Some manifold suppliers recommend leaving a .080˝ gap between the manifold port and the opening in the intake manifold gasket when port matching a manifold to a head.

If you try to grind everything flush so there is no edge between the port and gasket opening, you might remove too much metal from the manifold and ruin it!
With CNC machined heads, the intake manifold may have to be CNC machined or reworked by hand to match the ports.  Also, if the heads have been resurfaced (milled), the edges of the manifold where it mates with the block and heads will also have to be machined to compensate for the change in cylinder head height.

If this is not done, it will likely crush the end gaskets under the intake manifold and create misalignment between the intake runners and ports.

Some engine builders like to hand massage as-cast aluminum manifolds to optimize airflow.  ­Removing rough edges and casting seams, and rounding and blending all the corners can usually improve airflow, but like head porting you have to know what you’re doing otherwise you might make things worse.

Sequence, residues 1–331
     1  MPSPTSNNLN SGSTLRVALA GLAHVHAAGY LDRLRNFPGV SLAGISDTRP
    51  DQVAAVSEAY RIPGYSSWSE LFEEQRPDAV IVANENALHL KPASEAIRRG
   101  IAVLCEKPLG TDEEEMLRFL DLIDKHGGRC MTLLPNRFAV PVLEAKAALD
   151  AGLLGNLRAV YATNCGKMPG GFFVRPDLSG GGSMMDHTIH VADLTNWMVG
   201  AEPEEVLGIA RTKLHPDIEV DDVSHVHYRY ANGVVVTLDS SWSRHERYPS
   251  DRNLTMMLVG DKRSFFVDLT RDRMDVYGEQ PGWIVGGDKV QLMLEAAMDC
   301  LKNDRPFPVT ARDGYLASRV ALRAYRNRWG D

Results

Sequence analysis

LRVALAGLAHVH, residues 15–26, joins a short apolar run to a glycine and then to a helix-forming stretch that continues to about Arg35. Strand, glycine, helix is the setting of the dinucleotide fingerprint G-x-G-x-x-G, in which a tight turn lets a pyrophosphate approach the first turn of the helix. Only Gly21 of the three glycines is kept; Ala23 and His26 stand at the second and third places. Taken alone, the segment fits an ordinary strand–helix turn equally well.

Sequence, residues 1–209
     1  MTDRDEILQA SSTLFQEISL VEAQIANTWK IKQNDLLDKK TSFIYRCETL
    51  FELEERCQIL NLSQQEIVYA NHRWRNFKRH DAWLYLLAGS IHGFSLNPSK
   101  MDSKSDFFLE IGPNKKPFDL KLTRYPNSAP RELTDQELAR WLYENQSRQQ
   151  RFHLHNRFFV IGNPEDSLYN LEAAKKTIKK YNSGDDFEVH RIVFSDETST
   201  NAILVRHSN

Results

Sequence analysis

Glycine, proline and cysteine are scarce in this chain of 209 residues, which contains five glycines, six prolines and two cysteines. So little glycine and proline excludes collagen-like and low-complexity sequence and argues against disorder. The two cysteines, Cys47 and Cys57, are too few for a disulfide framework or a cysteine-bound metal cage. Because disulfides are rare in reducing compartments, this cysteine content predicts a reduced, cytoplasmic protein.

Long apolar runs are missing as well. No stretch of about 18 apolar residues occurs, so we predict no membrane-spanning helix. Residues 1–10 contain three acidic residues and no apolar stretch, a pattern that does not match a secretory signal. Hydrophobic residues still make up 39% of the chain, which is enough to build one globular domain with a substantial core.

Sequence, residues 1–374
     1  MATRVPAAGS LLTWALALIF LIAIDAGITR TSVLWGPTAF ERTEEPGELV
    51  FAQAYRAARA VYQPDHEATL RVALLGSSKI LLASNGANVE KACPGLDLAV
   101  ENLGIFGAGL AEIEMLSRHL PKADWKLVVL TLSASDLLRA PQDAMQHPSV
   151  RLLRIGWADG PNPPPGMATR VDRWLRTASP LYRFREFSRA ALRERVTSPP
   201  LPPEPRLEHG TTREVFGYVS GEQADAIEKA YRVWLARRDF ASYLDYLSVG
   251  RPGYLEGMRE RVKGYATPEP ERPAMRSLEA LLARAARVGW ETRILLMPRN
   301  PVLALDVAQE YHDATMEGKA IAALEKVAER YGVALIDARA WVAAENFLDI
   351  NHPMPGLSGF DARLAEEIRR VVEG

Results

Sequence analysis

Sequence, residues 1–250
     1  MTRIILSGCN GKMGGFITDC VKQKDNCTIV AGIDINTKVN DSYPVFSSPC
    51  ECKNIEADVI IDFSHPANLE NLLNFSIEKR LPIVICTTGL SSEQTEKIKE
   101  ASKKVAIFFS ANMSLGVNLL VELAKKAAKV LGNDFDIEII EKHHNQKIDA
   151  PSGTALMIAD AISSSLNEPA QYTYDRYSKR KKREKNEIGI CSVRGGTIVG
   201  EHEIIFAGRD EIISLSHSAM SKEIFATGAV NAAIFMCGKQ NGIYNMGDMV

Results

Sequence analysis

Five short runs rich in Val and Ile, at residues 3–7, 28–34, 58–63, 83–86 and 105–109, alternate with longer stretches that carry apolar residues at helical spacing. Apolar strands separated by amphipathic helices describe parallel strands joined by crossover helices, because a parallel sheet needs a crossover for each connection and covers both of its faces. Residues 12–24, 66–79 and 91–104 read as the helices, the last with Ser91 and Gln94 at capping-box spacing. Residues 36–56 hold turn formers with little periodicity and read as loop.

The basic idea is to eliminate any sharp edges or corners and to avoid creating any sudden changes in runner diameter that might create turbulence.  Airflow improvements can be base lined and measured on a flow bench just like a cylinder head to see if the changes you are making are really making any difference.

According to some experts, a slightly rough surface (like medium sandpaper) will actually flow better than a highly polished surface.

A slightly rough surface will form a boundary layer that promotes laminar (parallel) airflow inside the runners.  If the surface is too smooth, the air won’t stick to it and small eddy currents will form that create drag and turbulence that reduce airflow.

Another trick some racers use is to treat the underside of an open valley intake manifold with a heat reflective and/or oil shedding coating.